In 1916 John L. Porter, a Pittsburgh businessman, established a fund whose purpose was to purchase works of art to be given as a gift to the public schools of his city. This philanthropic initiative was to be called The 100 Friends of Pittsburgh Art. In 1922 Porter wrote:
‘Can art appreciation be taught at any better period in life than when the youthful eyes and mind are in their most impressionable and temperamental years? Can squalor exist in the surroundings of the children brought into daily contact with beauty?’
In celebration of the hundredth anniversary of Mr Porter’s farsighted and generous conception, Pittsburgh’s Senator John Heinz Center mounted an exhibit of some eighty works of art. In addition, they assembled a catalog, whose cover you see above.
Here are some of the featured paintings:
American Slovak Church by Dorothy Lauer Davids
Assurbhannipul’s Ark by Edward M Kosewics
Louine by Malcolm Stephen Parcell
Boy on a Bike by Charles “Bud” Gibbons
After the Chores by Dorothy Lauer Davids
Gibsonia woodland by Will J Hyett
The Princess and the Unicorn by Lee F McQuaide
Circe by Norwood Hodge MacGilvary
Chinese Vase by Sister Mary Clare Besterman
The Immigrants by Gregory Kavalec
Pittsburgh Phenomena by John D Clarkson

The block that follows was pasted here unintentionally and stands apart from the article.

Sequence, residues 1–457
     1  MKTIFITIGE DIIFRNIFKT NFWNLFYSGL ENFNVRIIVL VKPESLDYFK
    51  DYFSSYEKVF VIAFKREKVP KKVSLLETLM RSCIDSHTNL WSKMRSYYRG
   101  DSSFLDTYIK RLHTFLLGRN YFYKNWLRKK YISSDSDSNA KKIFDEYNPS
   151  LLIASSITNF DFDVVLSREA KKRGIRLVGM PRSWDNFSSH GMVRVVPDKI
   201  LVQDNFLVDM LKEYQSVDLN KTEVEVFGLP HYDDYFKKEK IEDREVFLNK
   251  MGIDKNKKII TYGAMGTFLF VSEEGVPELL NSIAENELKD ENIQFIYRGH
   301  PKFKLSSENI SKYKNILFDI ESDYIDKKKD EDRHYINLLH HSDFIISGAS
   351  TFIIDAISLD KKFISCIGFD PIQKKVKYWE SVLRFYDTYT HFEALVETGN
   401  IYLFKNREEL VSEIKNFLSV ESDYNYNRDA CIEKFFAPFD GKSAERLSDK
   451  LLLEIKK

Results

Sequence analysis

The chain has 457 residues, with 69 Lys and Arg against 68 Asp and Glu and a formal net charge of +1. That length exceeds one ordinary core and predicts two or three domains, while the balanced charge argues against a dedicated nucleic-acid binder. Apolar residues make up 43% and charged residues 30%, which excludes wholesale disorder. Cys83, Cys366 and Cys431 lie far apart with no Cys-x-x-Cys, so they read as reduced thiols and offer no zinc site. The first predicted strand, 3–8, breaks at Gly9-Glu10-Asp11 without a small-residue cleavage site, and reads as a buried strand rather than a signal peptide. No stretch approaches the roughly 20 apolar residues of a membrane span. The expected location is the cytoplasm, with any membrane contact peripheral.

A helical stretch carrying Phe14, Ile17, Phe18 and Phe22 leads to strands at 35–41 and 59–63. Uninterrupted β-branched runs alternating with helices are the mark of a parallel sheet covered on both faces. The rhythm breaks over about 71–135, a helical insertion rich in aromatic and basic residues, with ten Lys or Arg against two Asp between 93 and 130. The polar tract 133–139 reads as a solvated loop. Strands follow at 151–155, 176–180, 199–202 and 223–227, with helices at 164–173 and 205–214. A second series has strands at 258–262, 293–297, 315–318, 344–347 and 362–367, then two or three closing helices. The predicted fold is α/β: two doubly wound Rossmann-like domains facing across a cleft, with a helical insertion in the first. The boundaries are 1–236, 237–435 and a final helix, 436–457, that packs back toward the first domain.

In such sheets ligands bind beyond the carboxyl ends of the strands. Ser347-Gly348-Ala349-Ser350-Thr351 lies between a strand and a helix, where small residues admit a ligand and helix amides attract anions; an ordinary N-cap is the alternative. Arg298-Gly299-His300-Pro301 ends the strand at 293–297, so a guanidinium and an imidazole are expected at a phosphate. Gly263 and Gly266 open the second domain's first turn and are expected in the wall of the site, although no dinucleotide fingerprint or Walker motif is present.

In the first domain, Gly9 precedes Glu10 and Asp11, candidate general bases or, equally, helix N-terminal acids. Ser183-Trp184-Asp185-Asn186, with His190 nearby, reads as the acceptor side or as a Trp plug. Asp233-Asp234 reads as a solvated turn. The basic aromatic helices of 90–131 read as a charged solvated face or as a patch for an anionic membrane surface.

Our Little Flowers by Salvatore Madia
I was made aware of this exceptional exhibit by the American Art Review, a wonderful magazine for art lovers.
V. Historical mysteries
The Apothecary Rose and The Lady Chapel by Candace Robb
Robb vividly evokes the world of 14th century Britain.
P.F. Chisholm does likewise for the 16th century in A Famine of Horses . Chisholm’s writing is enlivened by an irony and irreverence rarely encountered in historical fiction, which has an occasional tendency to take itself too seriously. Her protagonist, Sir Robert Carey, is based on an historical figure. The scenario she depicts, up north by the Scottish borders, is rife with a sort of cheerful, energetic lawlessness. This too is based in the factual history of the period. In her introduction to this novel, Chisholm tells us that “…I first met Sir Robert Carey by name in the pages of George MacDonald Fraser’s marvellous history of the Anglo-Scottish borders, “’The Steel Bonnets’.” I love this quote from Fraser: